Sunday, September 7, 2008

Military:Study: More sex assaults occur than reported

Study: More sex assaults occur than reported

Prevention program’s director says new approach is making some progress
By William H. McMichael - Staff writer
Posted : Sunday Sep 7, 2008 8:56:01 EDT

The director of the Pentagon’s program to prevent and respond to sexual assault in the ranks is not surprised at a government investigation’s conclusion that far more rapes and other sexual assaults are being committed than reports indicate.

It’s one of the nation’s most underreported crimes, period, said Kaye Whitley, director of the Defense Department’s Sexual Assault Prevention and Response Office.

But that doesn’t mean the data the Pentagon has been collecting since 2004 are meaningless.

“It does tell us something,” Whitley said in an Aug. 27 interview at her Rosslyn, Va., office.

“It does tell us they’re occurring, it tells us where, it tells us who. So it’s a start.

“Our civilian counterparts struggle with this as well. I mean, there’s no way of knowing how many are out there. But hopefully, what we will be doing is creating a climate so that people will feel comfortable with coming forward.”

The July 31 Government Accountability Office report also questioned other aspects of the military’s approach to sexual assault prevention and response, saying training programs lack consistent effectiveness; some local program coordinators are part-timers; some commanders do not support the program; and the Pentagon’s guidance suffers when applied to deployed and joint environments.

The GAO did note that the Pentagon “has taken positive steps to respond to congressional direction” and that the Coast Guard “on its own initiative has made similar progress.”

Whitley largely acknowledged the findings, saying she is glad to have the report “because it gives me the backing to get things done. But almost everything they recommended, we were doing something in the area anyway.”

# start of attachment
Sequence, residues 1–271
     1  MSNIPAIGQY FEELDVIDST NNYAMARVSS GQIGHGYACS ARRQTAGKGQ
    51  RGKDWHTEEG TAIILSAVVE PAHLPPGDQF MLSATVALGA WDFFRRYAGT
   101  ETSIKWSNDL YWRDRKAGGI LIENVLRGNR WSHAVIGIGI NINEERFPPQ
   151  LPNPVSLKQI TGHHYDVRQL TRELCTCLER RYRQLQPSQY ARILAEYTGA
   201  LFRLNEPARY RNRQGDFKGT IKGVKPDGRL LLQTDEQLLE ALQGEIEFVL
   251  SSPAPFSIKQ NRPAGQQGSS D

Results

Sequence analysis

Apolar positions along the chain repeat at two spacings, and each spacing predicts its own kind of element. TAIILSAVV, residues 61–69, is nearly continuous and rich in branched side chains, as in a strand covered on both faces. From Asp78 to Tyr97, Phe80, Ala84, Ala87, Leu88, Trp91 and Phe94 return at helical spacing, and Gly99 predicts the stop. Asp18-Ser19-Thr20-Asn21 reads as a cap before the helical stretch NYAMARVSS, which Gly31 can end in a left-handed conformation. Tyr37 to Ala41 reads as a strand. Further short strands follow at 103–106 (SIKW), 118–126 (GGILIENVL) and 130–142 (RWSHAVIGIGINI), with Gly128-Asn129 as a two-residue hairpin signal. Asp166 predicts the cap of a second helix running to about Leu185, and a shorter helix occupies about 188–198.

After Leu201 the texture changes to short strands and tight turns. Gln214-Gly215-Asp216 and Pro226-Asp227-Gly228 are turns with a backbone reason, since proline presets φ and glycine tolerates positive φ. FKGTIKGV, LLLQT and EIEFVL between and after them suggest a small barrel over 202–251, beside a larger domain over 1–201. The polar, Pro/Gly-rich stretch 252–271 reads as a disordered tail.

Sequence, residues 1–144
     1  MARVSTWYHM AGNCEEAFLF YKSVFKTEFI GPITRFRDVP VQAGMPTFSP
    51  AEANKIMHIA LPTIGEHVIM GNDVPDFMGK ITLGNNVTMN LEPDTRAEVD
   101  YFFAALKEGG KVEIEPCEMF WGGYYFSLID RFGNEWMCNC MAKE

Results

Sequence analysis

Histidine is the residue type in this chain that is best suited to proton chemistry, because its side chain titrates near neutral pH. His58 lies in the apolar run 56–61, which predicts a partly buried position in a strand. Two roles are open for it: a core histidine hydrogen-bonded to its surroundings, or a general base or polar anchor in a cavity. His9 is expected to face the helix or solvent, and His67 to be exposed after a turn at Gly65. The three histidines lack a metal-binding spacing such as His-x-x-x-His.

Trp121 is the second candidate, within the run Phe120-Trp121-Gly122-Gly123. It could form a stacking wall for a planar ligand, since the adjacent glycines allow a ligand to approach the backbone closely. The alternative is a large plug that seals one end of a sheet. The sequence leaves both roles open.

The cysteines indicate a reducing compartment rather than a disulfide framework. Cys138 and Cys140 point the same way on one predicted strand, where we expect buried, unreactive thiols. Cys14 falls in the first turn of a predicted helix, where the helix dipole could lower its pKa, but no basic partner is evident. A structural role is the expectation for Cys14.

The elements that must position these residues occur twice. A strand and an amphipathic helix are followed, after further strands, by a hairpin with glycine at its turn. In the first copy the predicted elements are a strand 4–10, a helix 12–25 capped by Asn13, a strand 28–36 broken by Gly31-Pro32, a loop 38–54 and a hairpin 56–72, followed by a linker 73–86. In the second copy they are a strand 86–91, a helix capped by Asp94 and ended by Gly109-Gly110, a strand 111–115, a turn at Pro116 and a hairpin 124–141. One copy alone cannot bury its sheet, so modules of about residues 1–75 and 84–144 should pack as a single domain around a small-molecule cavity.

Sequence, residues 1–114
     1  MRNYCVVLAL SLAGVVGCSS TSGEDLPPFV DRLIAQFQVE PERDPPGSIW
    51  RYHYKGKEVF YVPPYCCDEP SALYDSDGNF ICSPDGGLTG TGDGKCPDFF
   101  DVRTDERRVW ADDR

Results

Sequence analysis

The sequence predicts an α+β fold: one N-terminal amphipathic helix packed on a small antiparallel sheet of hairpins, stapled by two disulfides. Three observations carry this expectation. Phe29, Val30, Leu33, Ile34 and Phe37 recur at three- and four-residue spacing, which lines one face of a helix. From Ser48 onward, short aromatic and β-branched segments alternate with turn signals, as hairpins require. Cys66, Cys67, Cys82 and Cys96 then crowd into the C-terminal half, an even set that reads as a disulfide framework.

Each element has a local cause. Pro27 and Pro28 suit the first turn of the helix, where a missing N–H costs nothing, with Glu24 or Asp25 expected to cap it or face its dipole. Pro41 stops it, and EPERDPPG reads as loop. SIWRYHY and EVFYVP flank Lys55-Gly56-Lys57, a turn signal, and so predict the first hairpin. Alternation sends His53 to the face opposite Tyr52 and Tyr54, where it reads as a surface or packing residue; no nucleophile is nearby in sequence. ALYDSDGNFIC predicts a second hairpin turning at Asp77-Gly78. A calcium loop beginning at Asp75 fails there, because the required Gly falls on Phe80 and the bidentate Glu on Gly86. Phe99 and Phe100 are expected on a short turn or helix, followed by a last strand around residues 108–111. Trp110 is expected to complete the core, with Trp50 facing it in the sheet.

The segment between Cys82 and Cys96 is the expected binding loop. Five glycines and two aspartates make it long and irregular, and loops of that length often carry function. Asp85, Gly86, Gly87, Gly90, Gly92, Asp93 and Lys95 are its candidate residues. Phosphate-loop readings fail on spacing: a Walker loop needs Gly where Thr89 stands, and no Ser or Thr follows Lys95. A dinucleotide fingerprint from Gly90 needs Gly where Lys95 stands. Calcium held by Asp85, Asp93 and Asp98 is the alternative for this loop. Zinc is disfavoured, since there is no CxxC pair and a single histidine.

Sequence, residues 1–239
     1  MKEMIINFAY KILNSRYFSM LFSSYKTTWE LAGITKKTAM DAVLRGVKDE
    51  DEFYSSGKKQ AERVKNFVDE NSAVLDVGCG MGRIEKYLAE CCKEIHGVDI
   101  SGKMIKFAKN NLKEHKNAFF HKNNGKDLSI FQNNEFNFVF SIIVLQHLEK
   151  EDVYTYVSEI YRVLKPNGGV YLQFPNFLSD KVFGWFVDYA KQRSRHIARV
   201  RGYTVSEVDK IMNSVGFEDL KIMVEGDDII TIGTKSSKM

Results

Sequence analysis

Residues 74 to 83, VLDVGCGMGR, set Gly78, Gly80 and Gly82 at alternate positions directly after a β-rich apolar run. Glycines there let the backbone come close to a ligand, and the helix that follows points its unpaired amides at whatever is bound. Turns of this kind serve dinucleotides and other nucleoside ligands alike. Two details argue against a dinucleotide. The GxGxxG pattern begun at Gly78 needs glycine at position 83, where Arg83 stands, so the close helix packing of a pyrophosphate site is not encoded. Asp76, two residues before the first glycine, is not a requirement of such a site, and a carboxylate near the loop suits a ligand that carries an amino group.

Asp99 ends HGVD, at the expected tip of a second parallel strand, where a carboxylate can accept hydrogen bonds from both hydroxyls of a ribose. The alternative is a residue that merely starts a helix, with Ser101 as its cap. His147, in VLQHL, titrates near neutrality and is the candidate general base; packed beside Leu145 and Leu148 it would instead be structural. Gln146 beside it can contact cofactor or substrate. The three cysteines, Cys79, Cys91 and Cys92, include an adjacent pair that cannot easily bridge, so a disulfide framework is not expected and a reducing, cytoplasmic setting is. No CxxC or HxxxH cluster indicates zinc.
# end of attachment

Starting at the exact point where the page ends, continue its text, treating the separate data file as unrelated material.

Whitley had been expected to address GAO’s concerns at a July 31 congressional hearing.

But her boss, Michael Dominguez, the Pentagon’s No. 2 personnel official, declined to let her appear, although she had met previously with lawmakers and their staffs numerous times.

Whitley said that despite GAO’s concerns, and criticism by some lawmakers, the Pentagon’s program, launched in February 2004, is making headway.

“We think we have done an incredible amount in a very short time. But we’re also finding out there’s still a lot more to do.”

GAO visited 14 installations and found that 52 percent of service members who had been sexually assaulted over the preceding 12 months had not reported the assaults.

Whitley acknowledged that figure, but noted the Pentagon’s “restricted reporting” policy has benefited 1,896 service members who might otherwise not have been treated.

That policy, introduced in 2005, gives victims who are reluctant to report the crime the option of obtaining treatment and counseling without making a report.
go here for more

No comments:

Post a Comment

If it is not helpful, do not be hurtful. Spam removed so do not try putting up free ad.